[Photo: Lahilahi Webb; Honolulu, Hawai‘i; SP 216335.]
Lahilahi ē, Lahilahi ē
Happy Mele Monday!
Elizabeth Kealiioiwikinolahilahi Napuaikaumakani Webb was born in Honolulu on April 12, 1862, the daughter of Charles Vincent and Halauai Kekahupuu Rogers. She attended Fort Street School and St. Andrew’s Priory. In 1891, Lahilahi married Harry Hogson Webb of Bangor, Maine. They made their home in Honolulu.
Lahilahi served as lady-in-waiting, friend, and companion to Queen Liliʻuokalani. She was active in the ‘Ahahui Kaʻahumanu, Hawaiian Historical Society, Daughters of Hawaiʻi, Kapiʻolani Maternity Home, the Hawaiian Board of Missions, Outdoor Circle, and St. Andrew’s Priory Alumnae. Her knowledge of Hawaiian culture and particularly the monarchy made her a very valuable informant for Bishop Museum staff and visitors. Mrs. Webb served as the Bishop Museum’s guide to exhibits from 1919-1942 and consultant on Hawaiian history from 1943 until her death on January 2, 1949.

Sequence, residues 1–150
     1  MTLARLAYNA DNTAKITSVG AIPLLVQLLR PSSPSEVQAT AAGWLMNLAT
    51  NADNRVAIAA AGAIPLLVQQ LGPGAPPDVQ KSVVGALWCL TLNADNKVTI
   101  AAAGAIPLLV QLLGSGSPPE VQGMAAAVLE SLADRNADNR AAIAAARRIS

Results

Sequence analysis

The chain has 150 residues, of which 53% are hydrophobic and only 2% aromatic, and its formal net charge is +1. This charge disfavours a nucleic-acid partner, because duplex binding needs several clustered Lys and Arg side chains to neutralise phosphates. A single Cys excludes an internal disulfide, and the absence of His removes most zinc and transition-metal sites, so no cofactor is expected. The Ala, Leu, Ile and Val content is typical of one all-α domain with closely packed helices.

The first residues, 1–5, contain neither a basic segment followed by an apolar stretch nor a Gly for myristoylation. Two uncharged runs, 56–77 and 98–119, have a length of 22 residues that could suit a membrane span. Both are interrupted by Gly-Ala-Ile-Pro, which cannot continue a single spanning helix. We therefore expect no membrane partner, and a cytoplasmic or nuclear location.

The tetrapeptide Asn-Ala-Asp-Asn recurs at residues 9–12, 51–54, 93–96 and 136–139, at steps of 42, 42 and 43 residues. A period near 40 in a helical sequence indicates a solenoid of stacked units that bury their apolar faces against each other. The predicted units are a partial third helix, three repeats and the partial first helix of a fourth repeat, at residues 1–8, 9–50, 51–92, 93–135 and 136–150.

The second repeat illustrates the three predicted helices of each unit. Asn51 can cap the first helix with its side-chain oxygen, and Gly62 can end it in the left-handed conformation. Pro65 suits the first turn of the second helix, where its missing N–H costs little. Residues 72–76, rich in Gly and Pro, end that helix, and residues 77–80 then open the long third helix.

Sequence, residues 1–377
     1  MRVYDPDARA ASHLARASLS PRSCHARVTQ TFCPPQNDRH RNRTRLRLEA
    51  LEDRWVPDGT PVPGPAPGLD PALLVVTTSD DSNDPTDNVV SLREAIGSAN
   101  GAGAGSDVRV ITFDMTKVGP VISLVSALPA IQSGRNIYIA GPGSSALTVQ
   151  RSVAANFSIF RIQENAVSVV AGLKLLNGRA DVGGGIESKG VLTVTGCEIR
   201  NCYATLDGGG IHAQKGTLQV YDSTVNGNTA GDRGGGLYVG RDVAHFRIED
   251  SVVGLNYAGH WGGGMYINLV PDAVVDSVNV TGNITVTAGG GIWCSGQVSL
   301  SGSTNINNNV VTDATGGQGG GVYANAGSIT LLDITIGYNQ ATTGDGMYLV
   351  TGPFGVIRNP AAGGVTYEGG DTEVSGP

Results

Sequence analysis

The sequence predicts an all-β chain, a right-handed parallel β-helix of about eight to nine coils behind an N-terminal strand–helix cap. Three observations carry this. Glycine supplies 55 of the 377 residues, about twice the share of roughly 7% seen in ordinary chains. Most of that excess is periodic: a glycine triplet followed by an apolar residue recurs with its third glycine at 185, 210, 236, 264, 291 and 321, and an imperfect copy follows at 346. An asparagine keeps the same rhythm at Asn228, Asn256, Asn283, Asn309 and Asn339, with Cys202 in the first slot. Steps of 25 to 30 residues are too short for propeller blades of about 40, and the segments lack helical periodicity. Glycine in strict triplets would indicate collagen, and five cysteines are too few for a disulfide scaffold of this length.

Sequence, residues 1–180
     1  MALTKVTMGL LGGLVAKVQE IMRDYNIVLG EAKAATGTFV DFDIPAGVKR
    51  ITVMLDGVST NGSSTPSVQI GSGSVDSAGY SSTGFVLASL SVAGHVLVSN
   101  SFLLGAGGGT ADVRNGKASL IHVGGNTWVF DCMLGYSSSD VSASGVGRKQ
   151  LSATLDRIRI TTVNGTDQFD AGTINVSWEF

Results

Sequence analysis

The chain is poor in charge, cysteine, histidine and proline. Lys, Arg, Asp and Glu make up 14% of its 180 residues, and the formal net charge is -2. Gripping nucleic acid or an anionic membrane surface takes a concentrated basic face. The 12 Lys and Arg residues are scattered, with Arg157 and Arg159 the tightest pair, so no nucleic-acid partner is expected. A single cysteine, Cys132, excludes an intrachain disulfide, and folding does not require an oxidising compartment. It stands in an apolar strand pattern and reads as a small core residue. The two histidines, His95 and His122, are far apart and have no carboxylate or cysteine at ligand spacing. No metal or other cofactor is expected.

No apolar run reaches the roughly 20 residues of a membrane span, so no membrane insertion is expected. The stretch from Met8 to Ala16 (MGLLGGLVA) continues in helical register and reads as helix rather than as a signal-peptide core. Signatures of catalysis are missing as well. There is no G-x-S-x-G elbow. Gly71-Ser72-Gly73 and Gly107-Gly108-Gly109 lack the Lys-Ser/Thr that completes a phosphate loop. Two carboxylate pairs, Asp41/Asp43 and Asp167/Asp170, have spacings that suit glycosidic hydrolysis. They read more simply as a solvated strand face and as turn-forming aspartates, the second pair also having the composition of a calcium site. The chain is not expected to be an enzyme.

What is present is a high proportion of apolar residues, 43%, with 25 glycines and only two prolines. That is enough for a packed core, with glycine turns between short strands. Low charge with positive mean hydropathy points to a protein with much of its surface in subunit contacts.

Lahilahi ē, Lahilahi ē,
Lahilahi, O Lahilahi,
Ua ʻono Lahilahi i ka wai.
Lahilahi thirsts for water.
E kiʻi ka wai i Nuʻuanu
Fetch the water from Nuʻuanu,
I ka wai o Waipuhia.
The water of Waipuhia.
E ke kāwelu ʻo Lanihuli
At Lanihuli where the kāwelu grows
Huli mai kō alo, e ke hoa.
Turn your face to me, O companion.
Kāua i ka pela nolu o Huleilua
You and I shall rest on the soft cushion of Huleilua
Eō Lahilahi ka wahine nona ia inoa
O answer, Lahilahi, the woman whose chant this is.
[Call number: MS SC Roberts 2.8, pg. 65]
Mele are an invaluable primary resource for Hawaiian scholarship and cultural connection. The Welo Hou: Building Connections to the Roberts Mele Collection project, funded in part by the Institute for Museum and Library Services, will improve the digitization, indexing, and accessibility of a unique and treasured collection of mele dating from pre-Western contact to the early 1900s. This pilot project will serve as a model for improved access to and increased engagement with the Bishop Museum Library & Archives’ other mele collections.
Welo Hou, or to unfurl once again, aims to provide more opportunities for researchers of all levels of Hawaiian language and cultural fluency to access the Roberts Collection with ease, and honors the connections between Hawaiian voices of the past and our community of the present.